But something about the Dixie Chicks entry into the fray seemed to finally get people’s blood up. Maybe it was because they are a country group, and their fan base is so naturally conservative. Maybe it was because they are women and therefore deemed easier targets. Maybe it was because they didn’t back down or make nice.

While other pop artists cowered behind their PR managers, hoping they wouldn’t have to take a stand, or worse, sang enthusiastically ugly songs about putting our boots up foreigner’s asses, the Dixie Chicks bravely shouted: THIS IS WRONG.

On principle, I immediately went out and bought one of their CDs. And I was pleasantly surprised when I found myself enjoying their music. Not a fan of modern country, my only prior exposure to them was once catching their video about some guy named Earl at a BBQ place. I remember being impressed that they could make the murder of a wife-abusing husband so funny and cheerful. There was something to these chicks.

The new album had “Travelin’ Soldier” on it, a song about a soldier who headed off to Vietnam and did not make it back. I remember thinking at the time that it was a nice little nostalgic song, and how insulated this generation has been from that kind of thing. And yet, it became a prophetic piece, as this generation has since gotten to experience all that and more, thanks in large part to all the people screaming themselves purple for the Dixie Chicks to just shut up.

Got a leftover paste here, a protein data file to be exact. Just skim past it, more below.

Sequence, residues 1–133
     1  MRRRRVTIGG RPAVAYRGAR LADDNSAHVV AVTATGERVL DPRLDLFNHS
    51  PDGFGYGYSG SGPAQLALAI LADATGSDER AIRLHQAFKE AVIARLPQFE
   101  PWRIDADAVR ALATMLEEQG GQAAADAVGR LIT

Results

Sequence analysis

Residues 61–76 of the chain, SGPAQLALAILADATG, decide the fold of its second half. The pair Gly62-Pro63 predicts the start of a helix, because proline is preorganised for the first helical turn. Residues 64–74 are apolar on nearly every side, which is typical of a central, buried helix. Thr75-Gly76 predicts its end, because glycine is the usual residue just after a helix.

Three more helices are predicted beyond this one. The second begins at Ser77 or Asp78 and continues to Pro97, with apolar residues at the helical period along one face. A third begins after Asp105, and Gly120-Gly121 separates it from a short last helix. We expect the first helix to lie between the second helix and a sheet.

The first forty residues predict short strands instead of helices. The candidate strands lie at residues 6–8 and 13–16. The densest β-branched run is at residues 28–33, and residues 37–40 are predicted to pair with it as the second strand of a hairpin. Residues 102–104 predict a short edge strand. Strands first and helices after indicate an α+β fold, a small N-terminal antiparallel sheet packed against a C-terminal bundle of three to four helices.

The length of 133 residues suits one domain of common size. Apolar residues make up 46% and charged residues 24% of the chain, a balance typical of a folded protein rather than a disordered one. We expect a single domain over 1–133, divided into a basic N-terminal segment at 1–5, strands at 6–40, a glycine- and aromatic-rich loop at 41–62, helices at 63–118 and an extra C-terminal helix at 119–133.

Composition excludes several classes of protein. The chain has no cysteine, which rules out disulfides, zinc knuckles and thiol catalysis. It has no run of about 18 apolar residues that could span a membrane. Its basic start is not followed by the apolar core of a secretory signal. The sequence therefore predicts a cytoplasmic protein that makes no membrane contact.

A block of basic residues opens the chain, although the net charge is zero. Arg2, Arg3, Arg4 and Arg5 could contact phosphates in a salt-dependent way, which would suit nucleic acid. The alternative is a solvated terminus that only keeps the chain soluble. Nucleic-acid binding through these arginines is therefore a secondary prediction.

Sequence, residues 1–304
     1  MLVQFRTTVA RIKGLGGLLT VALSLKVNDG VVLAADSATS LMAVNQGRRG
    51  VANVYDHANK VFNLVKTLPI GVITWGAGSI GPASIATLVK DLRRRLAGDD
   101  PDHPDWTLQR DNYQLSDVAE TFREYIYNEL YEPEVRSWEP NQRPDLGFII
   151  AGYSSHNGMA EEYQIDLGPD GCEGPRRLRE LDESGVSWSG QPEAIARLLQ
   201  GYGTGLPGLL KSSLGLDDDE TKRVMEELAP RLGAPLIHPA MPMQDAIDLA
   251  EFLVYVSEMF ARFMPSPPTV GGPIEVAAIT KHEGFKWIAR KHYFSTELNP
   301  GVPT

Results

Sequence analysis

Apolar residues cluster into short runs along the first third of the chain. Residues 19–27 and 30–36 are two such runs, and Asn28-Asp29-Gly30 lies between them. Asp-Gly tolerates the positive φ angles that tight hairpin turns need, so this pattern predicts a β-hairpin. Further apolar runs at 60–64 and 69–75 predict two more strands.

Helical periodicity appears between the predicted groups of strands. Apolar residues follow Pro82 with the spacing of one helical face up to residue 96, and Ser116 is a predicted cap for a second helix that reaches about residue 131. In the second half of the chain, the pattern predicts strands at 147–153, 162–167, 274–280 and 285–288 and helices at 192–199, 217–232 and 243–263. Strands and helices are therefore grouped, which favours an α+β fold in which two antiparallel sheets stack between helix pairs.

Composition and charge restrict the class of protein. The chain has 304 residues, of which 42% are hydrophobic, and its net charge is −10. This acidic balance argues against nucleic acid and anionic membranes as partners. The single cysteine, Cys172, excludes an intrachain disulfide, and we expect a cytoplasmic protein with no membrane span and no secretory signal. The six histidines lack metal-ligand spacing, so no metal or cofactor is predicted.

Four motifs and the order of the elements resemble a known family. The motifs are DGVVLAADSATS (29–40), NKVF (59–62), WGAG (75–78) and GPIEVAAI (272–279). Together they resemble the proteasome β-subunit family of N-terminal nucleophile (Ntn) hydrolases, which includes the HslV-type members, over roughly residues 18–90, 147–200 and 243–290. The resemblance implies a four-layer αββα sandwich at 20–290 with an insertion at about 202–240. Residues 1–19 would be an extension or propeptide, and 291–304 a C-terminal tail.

One thing that I did not fully appreciate before Iraq War II was the extent to which war makes people scary. It is at least understandable for soldiers, who are put in positions of immediate and deathly danger, and are also heavily armed. But what I had not encountered before then was how insane an entire population can become once a war has started.

Free speech becomes treason. Principled pacifism becomes cowardice. Patriotism is twisted around, sometimes determined by one’s willingness to ignore or subvert the very principles we claim we are fighting for. I remember how scary and depressing it was to see people I had admired succumb to mob fever in the run up to the war, throwing reason and decency out the window and blindly following our president into the abyss.

But the Dixie Chicks stood up when others sat down. They didn’t slink away from their duty, like Colin Powell did at the time. They did what was right when it cost them the most.

So, as W exits office and leaves behind him a wake of Biblically-sized problems, let us appreciate the Dixie Chicks as the icons of the age. They remained faithful to their country and reminded us that love of country demands that we uphold our own values, even while other people are yelling at us for it. They paid a price for keeping the faith, having faced death threats and continued bile, along with losing huge chunks of their fan base.

They’ve been out of the spotlight for a few years now, but I hope they find their musical voice again. It would be a shame for them to be yet another casualty of the Bush II Era.